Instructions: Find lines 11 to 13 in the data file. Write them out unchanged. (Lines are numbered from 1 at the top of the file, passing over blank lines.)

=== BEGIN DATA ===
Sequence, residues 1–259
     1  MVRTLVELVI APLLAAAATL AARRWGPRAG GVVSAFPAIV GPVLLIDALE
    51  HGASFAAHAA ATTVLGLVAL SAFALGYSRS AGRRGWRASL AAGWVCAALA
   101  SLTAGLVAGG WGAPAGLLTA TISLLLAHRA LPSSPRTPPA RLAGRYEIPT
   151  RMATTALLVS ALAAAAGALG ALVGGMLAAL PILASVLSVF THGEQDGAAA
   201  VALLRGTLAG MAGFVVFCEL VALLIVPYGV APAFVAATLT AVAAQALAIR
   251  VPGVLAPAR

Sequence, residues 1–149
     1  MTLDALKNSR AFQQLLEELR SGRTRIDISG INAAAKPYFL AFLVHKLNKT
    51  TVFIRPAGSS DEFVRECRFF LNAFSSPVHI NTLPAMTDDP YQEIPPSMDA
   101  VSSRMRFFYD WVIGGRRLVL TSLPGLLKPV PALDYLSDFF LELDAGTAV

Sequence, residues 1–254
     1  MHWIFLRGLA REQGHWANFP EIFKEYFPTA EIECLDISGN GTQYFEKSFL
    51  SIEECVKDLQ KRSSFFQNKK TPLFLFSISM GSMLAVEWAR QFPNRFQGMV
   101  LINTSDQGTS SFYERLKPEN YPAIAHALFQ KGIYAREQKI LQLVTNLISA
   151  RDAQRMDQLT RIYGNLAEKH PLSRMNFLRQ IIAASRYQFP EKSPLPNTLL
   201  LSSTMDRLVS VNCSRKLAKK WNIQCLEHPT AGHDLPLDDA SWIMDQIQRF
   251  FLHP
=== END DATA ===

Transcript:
   101  VSSRMRFFYD WVIGGRRLVL TSLPGLLKPV PALDYLSDFF LELDAGTAV

Sequence, residues 1–254
     1  MHWIFLRGLA REQGHWANFP EIFKEYFPTA EIECLDISGN GTQYFEKSFL